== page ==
Party of Light Rules (PDF)
Party of Light has an interesting history. The “game” started when I bought toy wooden sword and shields at a store on Vancouver Island. I was on a camping trip with family, including two of my nieces. Using the swords and shields I offhand made up a little fantasy story and we imagined ourselves fighting dragons, trolls, and other creatures as we walked down some train tracks. Our name was the Party of Light.
When I got home from the trip I thought it would be fun to expand this concept into a simple, one-off RPG. I had somewhat talked to the nieces about the idea before, since they saw all the game sheets and rulebooks at my house.
Anyway I made the Party of Light rules as a result, and have played the game half a dozen times with various members of my family. The game is a big hit to the kids, and still appeals to the older crowd. I’m excited to use rules like these, and make future game systems targeted to my own kid’s interests.
The core idea of Party of Light is when a player (especially a kid) has an idea, the game master should say “yes, and/but…”. Almost like the fundamental rule of improvisation. So if the player wants to cast a fireball, have a wand of falling stars, or ride a unicorn, the rules are designed to make that happen.
The game teaches basic RPG concepts like “talk to this NPC, but think of what your character would say”, move and do an action, choose what statistics are important, and here are a bunch of weird dice. Speaking of which the game intentionally uses D4, D6, D8, D12, and D20. Obviously that could be simplified, but I wanted to introduce standard RPG dice.
Characters have 3 primary stats: Might, Mind, and Magic. They choose their Best and Worst. They also have a Speed (squares moved) and Stamina (hitpoints). Then some basic and special equipment.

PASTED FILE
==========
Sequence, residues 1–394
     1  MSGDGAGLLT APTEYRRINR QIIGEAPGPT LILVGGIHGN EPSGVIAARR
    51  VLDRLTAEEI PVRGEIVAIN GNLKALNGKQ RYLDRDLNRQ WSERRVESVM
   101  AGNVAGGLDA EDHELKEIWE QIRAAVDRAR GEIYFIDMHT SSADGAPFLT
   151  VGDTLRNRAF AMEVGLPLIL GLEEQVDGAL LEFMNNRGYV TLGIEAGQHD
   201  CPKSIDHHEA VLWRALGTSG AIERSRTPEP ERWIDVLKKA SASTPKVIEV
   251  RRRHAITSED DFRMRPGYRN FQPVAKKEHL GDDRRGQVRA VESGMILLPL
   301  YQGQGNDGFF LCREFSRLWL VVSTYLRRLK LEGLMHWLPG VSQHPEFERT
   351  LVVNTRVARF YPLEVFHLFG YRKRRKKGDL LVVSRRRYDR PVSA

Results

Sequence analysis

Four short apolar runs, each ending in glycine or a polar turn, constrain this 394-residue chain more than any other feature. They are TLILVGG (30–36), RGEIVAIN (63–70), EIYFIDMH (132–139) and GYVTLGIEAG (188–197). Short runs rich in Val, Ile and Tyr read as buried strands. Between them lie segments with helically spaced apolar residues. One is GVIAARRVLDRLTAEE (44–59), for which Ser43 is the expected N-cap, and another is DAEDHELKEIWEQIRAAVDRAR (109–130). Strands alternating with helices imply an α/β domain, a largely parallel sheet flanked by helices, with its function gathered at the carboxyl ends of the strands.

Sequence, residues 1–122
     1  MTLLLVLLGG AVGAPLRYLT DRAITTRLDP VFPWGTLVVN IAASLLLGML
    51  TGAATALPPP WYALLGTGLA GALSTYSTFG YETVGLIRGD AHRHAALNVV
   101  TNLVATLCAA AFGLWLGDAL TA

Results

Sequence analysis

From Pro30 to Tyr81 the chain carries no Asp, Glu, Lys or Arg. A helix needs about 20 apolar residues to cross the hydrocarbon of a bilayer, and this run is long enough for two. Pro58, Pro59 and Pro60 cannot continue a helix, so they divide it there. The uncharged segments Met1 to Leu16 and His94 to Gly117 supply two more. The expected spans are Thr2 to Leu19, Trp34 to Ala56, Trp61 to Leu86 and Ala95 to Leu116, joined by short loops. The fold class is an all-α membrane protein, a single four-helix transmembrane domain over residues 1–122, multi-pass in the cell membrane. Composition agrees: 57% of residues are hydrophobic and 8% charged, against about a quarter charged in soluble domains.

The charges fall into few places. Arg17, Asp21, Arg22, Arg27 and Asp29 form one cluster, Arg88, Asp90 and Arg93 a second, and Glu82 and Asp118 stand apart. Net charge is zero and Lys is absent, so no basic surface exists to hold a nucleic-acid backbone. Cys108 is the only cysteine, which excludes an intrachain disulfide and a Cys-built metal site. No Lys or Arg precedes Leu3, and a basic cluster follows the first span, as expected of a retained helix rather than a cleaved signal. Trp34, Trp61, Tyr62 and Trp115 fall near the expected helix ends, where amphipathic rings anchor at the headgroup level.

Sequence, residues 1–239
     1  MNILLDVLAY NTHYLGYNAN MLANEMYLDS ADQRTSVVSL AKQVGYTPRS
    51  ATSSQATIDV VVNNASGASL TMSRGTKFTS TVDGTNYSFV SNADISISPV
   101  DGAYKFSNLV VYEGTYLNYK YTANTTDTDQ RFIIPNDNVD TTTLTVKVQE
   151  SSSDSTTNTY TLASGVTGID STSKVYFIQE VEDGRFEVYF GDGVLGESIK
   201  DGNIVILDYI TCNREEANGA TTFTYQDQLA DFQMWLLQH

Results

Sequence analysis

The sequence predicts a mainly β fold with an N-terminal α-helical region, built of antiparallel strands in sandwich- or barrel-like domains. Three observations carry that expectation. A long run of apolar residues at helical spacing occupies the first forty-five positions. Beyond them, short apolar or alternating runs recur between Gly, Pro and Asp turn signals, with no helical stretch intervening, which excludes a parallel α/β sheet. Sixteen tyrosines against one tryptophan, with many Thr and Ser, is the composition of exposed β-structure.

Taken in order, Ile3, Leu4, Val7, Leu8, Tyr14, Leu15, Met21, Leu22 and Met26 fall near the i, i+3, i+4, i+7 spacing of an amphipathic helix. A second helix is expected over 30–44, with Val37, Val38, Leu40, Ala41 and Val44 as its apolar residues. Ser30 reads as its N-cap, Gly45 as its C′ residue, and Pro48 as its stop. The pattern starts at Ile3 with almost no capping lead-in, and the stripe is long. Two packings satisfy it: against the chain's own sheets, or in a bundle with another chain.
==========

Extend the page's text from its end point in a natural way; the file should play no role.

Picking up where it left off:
Gameplay happens on a board with squares. I used a few old paper maps I had made for D&D, as well as my ancient Dragon Strike maps. Combat is pretty simple, with moving a number of squares and doing 1 action.
The actions are where the system shine, because instead of a preset list of major/minor actions or attacks, the players are left to choose their own. So a player with Might being the Best could say “I swing my sword in a big arc, hitting everyone nearby”. A person with Mind could say “I’m going to telepathically lift the target and throw them in a river”. And a Magic user could cast any spell they make up, from “Go Invisible” to “Summon a Pet”.
The game master decides the Difficulty, using a few norms and rules. The difficulty corresponds to a dice type, going from smallest to largest. So Hard is D4, Easy is D12. The player needs to roll 4+ (regardless of dice type) to succeed. This corresponds to 25%, 50%, and 75% chance of success. Also once per game each player can do a Heroic Moment and use a D20 for a roll.
So yeah pretty good base for exciting adventures and flexible encounters. As with Fickle RPG, which is a slightly more involved expansion on this idea, if there is a list of options/suggestions players restrict themselves to that list. When actions are as free form as Party of Light, you get some really neat spell ideas.
Making a targeted game is fun. Party of Light is intended for me and my family. I’m okay with Magic being the most powerful, because my nieces wanted to be magic using princesses. Likewise I’m okay with the rules not fleshing out a world, as I can sketch up a map or use my old D&D geography as needed. In some ways not trying to focus on a “public” release of a game gives a lot more freedom.
The other lesson is kids are giant sponges at a young age, as everyone knows. So getting them into a constructive, imaginative hobby is a great way to have healthy alternatives to watching TV and sitting on the computer when they’re teenagers. A bit preachy? Maybe, except that RPGs rule.
I also am patting myself on the back a bit at the production quality of this game. I’m really happy with the quality I can achieve with my character sheets and rulebooks. Using border images, suitable fonts, background fillers, etc. has really demonstrated my growth as a designer from my childhood days.